Dan Hume's Blog

Filming Discreetly on an iPhone
October 29, 2011, 6:18 pm
Filed under: Specialist Project, Video

Yesterday, the course went up to London to see the Postmodernism exhibition. I ended up walking around with a few people who weren’t intending on going to it; therefore I didn’t see it. However, it wasn’t a total loss as we strolled around Camden for a few hours, which was cool. I took this as an opportunity to try out some more filming on my iPhone to see if I could be as discreet as possible. Camden market is very strict on people taking pictures of filming around their stalls and stock etc. I didn’t get stopped or approach at all. The iPhone really does prove to be a misleading video device to people.

From this still image I took, the camera is shot at a low angle, to create this undercover look. I’m kind of reflecting back to the multimedia journalist, where Richard Koci was acting normally, whilst snapping away in public.

Here is a video of what I shot. A lot of the shots are a bit shaky, but I was experimenting with how I was going to film certain stuff. I captured many shots with the back of the iPhone facing outwards, whilst I was holding it by my pocket.

Now that I’ve shot an iPhone video that is entirely handheld, I’ve come to realise that it’s incredibly jerky most of the time. This is one of the clear distinctions between iPhone 4 and 4S, which is that the 4S has built in image stabilisation to reduce shaky video quality. I think this is quite crucial when I come to do more shooting for my documentary, because the audience will want to have a balance between handheld and static shots. A lot of people do find it’s a strain to watch lots of camera movement.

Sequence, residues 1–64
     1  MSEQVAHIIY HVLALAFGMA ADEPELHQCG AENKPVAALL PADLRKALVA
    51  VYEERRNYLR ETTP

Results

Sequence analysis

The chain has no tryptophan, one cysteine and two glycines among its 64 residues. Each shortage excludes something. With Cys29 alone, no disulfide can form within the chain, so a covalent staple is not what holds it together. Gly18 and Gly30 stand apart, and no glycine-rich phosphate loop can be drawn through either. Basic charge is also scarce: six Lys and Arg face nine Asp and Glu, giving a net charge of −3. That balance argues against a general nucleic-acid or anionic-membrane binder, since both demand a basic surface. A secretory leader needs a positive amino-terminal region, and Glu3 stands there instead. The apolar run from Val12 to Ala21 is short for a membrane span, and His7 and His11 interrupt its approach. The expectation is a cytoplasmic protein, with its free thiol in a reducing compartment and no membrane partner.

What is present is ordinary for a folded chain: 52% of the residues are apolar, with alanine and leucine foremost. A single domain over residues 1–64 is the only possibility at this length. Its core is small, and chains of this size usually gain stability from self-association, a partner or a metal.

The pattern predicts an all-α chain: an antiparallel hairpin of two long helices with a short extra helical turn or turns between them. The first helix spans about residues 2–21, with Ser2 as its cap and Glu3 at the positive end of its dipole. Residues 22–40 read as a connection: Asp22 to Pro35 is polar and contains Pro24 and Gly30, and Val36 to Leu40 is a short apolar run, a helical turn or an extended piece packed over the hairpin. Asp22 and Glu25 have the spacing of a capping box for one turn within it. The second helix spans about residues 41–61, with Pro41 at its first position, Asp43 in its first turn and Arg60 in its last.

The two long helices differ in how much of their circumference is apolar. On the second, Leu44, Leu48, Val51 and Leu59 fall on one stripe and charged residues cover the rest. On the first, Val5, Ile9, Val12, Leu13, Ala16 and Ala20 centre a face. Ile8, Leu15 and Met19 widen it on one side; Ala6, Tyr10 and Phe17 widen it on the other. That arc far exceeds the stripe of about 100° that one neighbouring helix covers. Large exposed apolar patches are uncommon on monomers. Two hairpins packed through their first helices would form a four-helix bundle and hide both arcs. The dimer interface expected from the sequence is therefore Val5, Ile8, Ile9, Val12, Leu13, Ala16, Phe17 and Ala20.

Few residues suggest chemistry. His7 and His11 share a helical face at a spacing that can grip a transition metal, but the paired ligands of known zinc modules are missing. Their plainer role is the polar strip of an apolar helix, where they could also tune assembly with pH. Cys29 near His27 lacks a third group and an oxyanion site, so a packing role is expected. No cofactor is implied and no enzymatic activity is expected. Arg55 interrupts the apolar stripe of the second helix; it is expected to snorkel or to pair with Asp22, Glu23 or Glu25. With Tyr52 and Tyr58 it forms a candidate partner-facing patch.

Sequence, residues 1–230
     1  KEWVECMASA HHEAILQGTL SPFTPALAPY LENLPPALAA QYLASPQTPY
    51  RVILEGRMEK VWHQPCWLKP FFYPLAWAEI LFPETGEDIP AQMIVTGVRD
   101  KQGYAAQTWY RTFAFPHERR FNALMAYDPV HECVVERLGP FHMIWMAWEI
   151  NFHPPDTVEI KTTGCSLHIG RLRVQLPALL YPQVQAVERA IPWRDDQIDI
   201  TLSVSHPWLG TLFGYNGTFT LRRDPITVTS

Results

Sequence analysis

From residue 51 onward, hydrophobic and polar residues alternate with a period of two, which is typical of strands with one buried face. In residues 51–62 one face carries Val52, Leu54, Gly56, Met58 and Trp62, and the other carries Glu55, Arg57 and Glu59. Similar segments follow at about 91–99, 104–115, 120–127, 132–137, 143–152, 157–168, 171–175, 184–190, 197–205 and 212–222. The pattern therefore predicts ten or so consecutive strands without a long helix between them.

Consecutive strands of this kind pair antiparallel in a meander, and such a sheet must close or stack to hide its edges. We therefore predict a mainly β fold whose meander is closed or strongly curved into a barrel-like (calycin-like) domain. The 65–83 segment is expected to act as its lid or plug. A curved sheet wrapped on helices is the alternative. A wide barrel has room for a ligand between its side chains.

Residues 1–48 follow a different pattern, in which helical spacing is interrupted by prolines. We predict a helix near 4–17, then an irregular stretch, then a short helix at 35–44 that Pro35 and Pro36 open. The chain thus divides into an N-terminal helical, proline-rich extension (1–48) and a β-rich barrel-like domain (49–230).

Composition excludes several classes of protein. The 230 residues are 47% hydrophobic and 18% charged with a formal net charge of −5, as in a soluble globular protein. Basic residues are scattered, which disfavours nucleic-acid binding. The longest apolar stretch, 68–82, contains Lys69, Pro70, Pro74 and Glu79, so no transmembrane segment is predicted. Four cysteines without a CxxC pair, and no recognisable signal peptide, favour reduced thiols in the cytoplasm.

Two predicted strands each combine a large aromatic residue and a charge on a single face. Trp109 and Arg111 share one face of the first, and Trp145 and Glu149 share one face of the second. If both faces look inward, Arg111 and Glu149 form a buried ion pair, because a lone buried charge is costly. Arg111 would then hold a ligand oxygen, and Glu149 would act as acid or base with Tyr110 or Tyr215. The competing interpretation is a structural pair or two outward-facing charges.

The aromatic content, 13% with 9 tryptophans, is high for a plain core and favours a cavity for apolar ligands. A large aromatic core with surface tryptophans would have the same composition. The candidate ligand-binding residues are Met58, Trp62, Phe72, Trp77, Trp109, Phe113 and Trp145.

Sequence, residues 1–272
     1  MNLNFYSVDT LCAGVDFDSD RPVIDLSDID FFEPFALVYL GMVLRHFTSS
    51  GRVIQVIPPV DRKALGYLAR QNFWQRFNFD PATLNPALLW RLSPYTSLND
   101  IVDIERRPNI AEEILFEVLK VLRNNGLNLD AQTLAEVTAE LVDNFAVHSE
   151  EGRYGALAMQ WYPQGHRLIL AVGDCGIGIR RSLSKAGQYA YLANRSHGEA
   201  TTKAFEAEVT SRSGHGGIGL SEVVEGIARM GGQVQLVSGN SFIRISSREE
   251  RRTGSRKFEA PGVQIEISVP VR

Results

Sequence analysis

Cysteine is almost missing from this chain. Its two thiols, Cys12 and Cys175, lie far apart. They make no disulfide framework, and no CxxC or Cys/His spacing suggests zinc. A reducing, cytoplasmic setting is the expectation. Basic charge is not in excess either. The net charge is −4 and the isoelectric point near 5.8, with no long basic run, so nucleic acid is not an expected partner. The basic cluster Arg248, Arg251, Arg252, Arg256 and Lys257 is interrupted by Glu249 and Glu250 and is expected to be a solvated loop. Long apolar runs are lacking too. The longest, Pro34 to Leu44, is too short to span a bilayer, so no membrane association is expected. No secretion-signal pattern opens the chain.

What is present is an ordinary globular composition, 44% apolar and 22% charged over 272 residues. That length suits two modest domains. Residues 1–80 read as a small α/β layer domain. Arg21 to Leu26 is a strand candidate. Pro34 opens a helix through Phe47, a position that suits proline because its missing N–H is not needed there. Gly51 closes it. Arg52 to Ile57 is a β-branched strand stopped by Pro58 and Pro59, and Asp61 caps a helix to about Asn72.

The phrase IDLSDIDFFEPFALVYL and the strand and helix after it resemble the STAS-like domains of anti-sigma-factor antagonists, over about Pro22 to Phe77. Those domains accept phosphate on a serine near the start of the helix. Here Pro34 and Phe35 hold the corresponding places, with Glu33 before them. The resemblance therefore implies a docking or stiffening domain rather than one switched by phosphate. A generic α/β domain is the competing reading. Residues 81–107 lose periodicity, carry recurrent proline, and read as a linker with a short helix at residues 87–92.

I’m really pleased with how this short video has come out, however, I don’t think I’d like to shoot my entire video from an undercover point of view. For my final video, I think I need to include an array selection of new and conventional camera techniques. One of the aims of my project is to try and create something that looks professional, but using consumer tools. In terms of the editing, I like to add some ‘quirkiness’ to it. In between cuts, I like to add some movement. What I’ve found, when going through footage, there are some shots with lots of movement, which don’t look good enough to use in the final cut. Instead of leaving them to waste, I take out roughly 1 second of that movement and then place it between two shots; therefore it creates a nice, unique transition. There should be some of the cuts present in the video above.


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